As I often do, I checked out the comments section to see what my fellow citizens thought. Now, it’s important to note that The New York Times is by no means a cross section of society. Catering to mostly elite, mostly liberal, mostly white readers, they are too limited to be called the voice of the people, but they are the voices of some people – presumably elite, liberal and white. I was curious to see their responses, as they are often one of the only groups whose voices are ever heard.

Three people out of the first 10 either denied climate change was happening, or dismissed it as “no biggie.” And here I was pretty sure that we all had agreed on the facts, just not on the response. True, the name global warming is a little confusing when temperatures over the summer have sunk to a record low – which is why I prefer ‘climate change.’ What is currently happening to our climate is not limited to warming, though that is the overall trend. In some places it will cause deserts, in others rainforest, snow may fall where it never has before. Western Massachusetts may look more like Oregon.

Severe weather is likely to become common fare as global warming worsens. The contrast between those denying the effects of climate change and those living with them is stark. Such a disconnect between facts and opinion can be deadly.

The fact that some people still consider global warming to be a hoax – a left wing conspiracy – is frightening. Refuting the facts at this point does not portray the naïve ignorance of the uninformed, but a stubborn refusal to accept the truth. 

That ignorance will prove to be our downfall if it prevents us from taking seriously the issue at hand. Though to some extent, I can rationalize the apathy of a generation which will not be alive to see the effects of their actions. By that same reasoning, I cannot comprehend the apathy of the present generation. It is our actions that can break the cycle of pollution, exploitation and destruction.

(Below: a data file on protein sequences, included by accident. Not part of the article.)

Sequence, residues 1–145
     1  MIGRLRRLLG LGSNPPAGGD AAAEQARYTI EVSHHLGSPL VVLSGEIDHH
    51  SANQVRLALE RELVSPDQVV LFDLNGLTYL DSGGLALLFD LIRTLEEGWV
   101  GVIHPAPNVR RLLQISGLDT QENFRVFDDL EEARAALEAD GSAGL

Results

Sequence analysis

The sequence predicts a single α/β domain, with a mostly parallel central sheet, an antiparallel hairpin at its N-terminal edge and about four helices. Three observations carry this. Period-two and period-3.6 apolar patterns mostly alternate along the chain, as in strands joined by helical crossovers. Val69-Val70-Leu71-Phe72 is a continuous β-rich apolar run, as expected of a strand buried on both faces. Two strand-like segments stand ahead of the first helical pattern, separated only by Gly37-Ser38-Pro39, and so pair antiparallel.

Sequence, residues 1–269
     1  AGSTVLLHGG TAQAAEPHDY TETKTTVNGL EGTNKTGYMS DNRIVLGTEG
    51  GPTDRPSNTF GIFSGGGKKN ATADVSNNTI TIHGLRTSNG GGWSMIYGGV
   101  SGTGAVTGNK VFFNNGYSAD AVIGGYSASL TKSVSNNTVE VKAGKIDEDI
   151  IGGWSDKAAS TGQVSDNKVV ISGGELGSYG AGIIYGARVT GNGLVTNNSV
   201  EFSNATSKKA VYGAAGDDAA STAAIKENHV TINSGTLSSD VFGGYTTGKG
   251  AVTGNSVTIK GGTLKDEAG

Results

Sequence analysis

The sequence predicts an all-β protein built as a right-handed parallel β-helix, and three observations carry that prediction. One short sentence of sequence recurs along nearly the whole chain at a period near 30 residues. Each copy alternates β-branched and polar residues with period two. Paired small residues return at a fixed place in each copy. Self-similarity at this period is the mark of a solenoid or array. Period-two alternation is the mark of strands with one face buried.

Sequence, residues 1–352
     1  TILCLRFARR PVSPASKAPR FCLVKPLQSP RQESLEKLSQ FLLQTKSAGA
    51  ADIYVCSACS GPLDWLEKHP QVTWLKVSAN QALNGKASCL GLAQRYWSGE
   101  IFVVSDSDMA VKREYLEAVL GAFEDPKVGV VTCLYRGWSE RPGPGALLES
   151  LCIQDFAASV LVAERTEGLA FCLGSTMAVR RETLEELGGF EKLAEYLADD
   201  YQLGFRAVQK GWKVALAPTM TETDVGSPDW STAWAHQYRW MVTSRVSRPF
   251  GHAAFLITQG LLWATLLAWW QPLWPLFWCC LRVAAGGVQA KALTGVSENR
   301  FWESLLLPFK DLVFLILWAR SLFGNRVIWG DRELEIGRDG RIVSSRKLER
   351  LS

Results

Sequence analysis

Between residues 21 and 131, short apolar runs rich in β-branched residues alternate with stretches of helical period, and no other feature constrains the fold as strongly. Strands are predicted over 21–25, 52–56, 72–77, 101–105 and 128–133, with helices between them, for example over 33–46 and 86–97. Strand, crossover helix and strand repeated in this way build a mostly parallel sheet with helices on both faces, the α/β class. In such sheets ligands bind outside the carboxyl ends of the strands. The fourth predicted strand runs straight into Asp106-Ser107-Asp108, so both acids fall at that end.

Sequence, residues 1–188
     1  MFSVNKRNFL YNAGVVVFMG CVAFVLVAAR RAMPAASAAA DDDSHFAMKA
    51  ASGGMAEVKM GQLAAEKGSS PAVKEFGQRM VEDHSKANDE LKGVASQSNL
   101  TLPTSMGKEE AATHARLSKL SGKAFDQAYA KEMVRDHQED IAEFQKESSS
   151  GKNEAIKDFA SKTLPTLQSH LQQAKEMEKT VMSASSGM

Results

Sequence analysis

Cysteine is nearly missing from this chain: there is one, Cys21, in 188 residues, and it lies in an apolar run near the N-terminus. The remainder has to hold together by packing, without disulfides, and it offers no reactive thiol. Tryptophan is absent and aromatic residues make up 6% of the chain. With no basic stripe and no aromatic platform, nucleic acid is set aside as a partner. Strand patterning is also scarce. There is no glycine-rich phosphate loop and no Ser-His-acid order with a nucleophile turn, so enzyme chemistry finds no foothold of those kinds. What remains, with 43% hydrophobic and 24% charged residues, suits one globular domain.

Obama has proven to be disappointingly lackluster in terms of environmental policy. Instead of the change he promised, we have a new policy riddled with loopholes for corporations to jump through. The fact is, without a planet to support us, it isn’t going to matter if there’s a public option, or what the deficit is. It won’t matter if we are attacking countries for the right or wrong reasons, or even if there are countries. If our environment ceases to be able to support life as we know it, it’s going to make all the socio-economic-political problems of the day moot points and the actions taken to protect corporations, to preserve profits, will seem very hollow.

We should be investing in alternative energies, in sustainable development. We should view environmental challenges as opportunities for alleviating some of our economic and health woes. How long are we going to sit idle and wait for somebody else to take action? Realize that if the government won’t take action we still can. Little actions add up, we can all have an effect. Live sustainably, boycott companies that contribute to the problem, lobby for real change and not lip service. Apathy is the ultimate act of selfishness.

Kathleen Broadhurst is a Collegian columnist. She can be reached at kbroadhu@student.umass.edu.

Comments
One Response to “An issue that needs warming up to”
  1. Joan McFarland says:

    Good work on the reporting. I am curious to see what our president can actually do.